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Arabic Name : Qazeer, Zanjbil
Bengali Name : Suntha, Sunthi (Dried), Ada (Fresh)
Chinese Name : Jiang (Dry), Shen jiang (Fresh)
English Name : Ginger
French Name : Gingembre
German Name : Ingwer, Ginger
Gujarati Name : Sunth, Sundh, Suntha (Dried), Adu (Fresh)
Hindi Name : Sonth (Dried), Adrak (Fresh)
Kannada Name : Shunthi (Dried), Alla (Fresh)
Kashmiri Name : Sho-ont (Dried)
Latin name : Zingiber officinale Rosc.
Marathi Name : Sunth (Dried), Ardrak (Fresh)
Persian Name : Zanjfil, Shangwaiz
Punjabi Name : Sund (Dried), Adrak, Adi (Fresh)
Sanskrit Name : Suntha, Sunthi, Singabera
Urdu Name : Sonth (Dried), Adrak (Fresh)
Ginger has been in medicinal use for thousands of years. It is currently one of the most widely used herbs worldwide. Ginger is valued in medicine as a carminative and stimulant to the gastrointestinal tract. It is antiemetic and therefore brings relief to digestion troubled by travel sickness. It is much in vogue as a household remedy for indigestion as it warms the digestive organs, stimulates digestive secretions, increases the amylase concentration in saliva, and facilitates the digestion of starches and fatty foods. It is also useful in lack of appetite, wind, diarrhoea, dysentery, flatulence, colic, nausea, vomiting, spasm and it strengthens memory. Also protects the liver. It is believed to have aphrodisiac properties. It tones up sex organs and cures functional impotence, premature ejaculation and spermatorrhoea. It inhibits prostaglandin production. thus reducing inflammation and pain.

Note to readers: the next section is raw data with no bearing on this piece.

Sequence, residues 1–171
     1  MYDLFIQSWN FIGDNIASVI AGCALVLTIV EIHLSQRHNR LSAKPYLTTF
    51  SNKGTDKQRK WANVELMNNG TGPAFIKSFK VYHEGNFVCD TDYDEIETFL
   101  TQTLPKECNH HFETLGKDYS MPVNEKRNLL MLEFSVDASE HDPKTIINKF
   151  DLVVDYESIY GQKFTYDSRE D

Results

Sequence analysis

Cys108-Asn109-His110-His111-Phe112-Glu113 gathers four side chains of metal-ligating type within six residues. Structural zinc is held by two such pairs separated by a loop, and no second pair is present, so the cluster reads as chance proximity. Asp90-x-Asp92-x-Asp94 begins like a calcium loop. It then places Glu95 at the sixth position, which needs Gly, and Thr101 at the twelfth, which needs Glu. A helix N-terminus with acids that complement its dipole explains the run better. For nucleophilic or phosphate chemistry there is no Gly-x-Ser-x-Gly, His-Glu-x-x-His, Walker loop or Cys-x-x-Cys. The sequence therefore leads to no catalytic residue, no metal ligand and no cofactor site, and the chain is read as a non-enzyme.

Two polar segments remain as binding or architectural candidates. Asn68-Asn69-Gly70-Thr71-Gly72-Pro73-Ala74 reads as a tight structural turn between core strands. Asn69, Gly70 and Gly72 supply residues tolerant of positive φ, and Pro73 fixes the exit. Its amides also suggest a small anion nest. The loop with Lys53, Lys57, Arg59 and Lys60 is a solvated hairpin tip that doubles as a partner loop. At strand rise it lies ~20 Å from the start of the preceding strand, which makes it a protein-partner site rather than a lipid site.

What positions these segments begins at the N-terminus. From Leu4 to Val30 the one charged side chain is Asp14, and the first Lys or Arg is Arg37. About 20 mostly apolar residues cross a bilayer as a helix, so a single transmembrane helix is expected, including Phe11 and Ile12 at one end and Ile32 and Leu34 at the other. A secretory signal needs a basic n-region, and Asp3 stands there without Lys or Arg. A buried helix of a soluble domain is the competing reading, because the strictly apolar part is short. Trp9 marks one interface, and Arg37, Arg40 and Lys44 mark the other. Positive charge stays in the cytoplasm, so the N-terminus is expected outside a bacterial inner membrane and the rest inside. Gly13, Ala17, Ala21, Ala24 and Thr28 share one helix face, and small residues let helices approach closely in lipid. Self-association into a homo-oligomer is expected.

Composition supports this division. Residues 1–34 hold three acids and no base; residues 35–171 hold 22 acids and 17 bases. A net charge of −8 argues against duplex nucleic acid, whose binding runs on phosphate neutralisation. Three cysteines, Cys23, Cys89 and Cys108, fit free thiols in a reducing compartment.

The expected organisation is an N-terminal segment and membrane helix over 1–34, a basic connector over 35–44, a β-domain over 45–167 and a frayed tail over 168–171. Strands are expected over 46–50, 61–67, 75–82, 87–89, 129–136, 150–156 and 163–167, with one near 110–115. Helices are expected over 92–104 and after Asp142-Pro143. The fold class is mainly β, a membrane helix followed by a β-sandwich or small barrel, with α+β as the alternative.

Ginger is reported to contain an antihistaminic factor. It is included among antidepressants and it forms an ingredient of some anti-narcotic preparations. It is soothing for cold, cough, asthma, flu and other respiratory problems. Ginger is thought to reduce cholesterol levels, while at the same time increasing a sluggish circulation. It heats the joints and is therefore useful against gout. Ginger contains more than 12 antioxidants; fighting free radicals which contribute to tissue damage and inflammation.
Ginger stimulates the circulation, and helps blood to flow to the surface, making it an important remedy for chilblains and poor circulation to the hands and feet. It also increases sweating, and helps reduce temperature in fevers.
Externally, it is the base of many fibrositis, rheumatic, muscle sprain and cellulite treatment. The oil is a rubefacient which can effectively ease painful conditions such as arthritis, rheumatism or muscle pain and improve poor circulation.
Recommended Dosage: Rhizome : 2 to 4 g powder; Fresh Juice : 2 to 3 ml with honey.
Contraindication: Although Ginger prevents vomiting, it should not be taken for morning sickness during pregnancy. People with gallstones and peptic ulcers should avoid it unless their doctor approves. Do not use if anticoagulants are being administered or during pregnancy due to its potential to cause uterine contractions. Large overdoses carry the potential for causing CNS depression. Avoid excessive amounts in cases of acne, eczema, or herpes. Ginger may cause adverse reactions when used in combination with anticoagulant drugs such as asprin.